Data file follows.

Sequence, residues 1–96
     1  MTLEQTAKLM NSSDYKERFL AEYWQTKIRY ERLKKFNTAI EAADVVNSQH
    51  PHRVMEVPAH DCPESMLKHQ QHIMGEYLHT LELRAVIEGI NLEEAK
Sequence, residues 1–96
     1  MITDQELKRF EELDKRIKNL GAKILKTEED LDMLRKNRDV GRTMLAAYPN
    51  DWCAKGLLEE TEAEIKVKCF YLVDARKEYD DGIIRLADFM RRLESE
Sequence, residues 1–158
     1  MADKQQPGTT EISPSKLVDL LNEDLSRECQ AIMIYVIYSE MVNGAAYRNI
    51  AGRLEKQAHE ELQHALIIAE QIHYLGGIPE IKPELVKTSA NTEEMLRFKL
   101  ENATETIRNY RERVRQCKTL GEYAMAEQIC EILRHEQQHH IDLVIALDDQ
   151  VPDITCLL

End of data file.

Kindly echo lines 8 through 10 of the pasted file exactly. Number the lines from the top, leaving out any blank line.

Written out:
     1  MADKQQPGTT EISPSKLVDL LNEDLSRECQ AIMIYVIYSE MVNGAAYRNI
    51  AGRLEKQAHE ELQHALIIAE QIHYLGGIPE IKPELVKTSA NTEEMLRFKL
   101  ENATETIRNY RERVRQCKTL GEYAMAEQIC EILRHEQQHH IDLVIALDDQ